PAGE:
Medical students from India enjoy Sleaford exchange

The team of medical students and interns from Kashmir with their consultant psychiatrist Dr Sayed Aqeel Hussain. EMN-160520-150711001

The team of medical students and interns from Kashmir with their consultant psychiatrist Dr Sayed Aqeel Hussain. EMN-160520-150711001

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A group of medical students from Kashmir have been experiencing NHS treatment of mental health patients in the Sleaford area.

The five young doctors from a government medical college in Srinagar, northern India have had an eye-opening two weeks understanding the techniques of teams at Lincolnshire Partnership Foundation NHS Trust, which handles mental health services in the county from its headquarters in Sleaford.

Medical intern Khuram Maqbool explained they have been following a weekly interactive programme online, communicating with psychiatric experts at King’s College London. They were then given an opportunity to come over here to see first hand how a developed country approaches and treats mental illness.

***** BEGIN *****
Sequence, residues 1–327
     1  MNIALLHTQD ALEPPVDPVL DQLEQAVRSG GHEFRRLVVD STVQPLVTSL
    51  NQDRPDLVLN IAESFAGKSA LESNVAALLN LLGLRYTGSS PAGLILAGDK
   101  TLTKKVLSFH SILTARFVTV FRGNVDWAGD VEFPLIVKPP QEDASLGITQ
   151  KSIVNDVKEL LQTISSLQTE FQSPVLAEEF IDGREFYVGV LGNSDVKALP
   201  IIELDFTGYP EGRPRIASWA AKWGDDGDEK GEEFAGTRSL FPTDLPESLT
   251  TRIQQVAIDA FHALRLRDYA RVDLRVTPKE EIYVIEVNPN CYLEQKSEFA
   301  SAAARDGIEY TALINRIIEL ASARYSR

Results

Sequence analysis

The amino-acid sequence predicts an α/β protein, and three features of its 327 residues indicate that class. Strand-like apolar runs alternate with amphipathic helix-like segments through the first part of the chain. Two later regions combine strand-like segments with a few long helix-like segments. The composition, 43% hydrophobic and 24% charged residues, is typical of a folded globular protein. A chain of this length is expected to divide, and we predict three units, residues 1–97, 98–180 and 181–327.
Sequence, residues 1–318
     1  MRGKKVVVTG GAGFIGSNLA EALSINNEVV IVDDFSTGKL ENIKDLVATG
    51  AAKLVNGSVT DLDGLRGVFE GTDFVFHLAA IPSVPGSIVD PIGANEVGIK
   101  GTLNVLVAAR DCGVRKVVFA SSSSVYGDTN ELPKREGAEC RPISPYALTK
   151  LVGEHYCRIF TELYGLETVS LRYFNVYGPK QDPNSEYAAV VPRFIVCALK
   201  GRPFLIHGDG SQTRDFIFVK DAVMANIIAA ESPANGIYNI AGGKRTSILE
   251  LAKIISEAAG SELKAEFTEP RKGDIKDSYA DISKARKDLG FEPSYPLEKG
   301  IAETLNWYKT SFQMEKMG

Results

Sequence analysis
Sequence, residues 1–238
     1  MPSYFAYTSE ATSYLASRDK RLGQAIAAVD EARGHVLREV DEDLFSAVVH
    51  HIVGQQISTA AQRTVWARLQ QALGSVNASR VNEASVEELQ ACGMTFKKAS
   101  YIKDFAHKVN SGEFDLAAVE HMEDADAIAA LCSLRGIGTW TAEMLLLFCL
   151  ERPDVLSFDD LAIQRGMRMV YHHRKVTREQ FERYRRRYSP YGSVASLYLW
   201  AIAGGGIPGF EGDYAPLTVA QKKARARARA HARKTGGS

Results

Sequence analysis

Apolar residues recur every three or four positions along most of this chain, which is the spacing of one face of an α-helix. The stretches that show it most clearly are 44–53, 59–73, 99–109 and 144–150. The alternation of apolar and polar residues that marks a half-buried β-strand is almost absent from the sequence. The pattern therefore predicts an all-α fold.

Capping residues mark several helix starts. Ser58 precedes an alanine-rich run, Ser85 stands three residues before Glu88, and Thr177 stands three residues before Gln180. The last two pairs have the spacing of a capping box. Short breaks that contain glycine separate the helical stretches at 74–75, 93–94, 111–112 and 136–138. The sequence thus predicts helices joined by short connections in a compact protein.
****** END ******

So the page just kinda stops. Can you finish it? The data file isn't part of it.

Fellow intern Syed Bushra Imtiyaz said in Lincolnshire there was a totally equal distribution of health resources, rich or poor, whereas only richer people in Kashmir can pay for private clinics.

Student Suhail Saifullah was impressed with the integrated system he had seen, with proper documentation, whereas back in Kashmir the patient has to manage his own records.

Consultant psychiatrist Dr Sayed Aqeel Hussain, has travelled with the students having led the five year joint training programme, backed by King’s College London and the World Health Organisation, part of which was the student exchange to give students first hand advice and experience. One week was spent focussing on community health services and the second week was spent on in-patient services.

Hena Mustafa said most mental health issues were similar except alcohol dependency, which was much more of a problem here than back home where alcohol is forbidden among the mainly Muslim population.

Support for patients at home within the family was stronger in Kashmir, but there was very little professional mental care services in the community, instead relying on hospitals.

Dr Saifullah had learned it was important to spend more time with a patient and empathise with them: “Here they look at the physical and psychological causes too,” he said.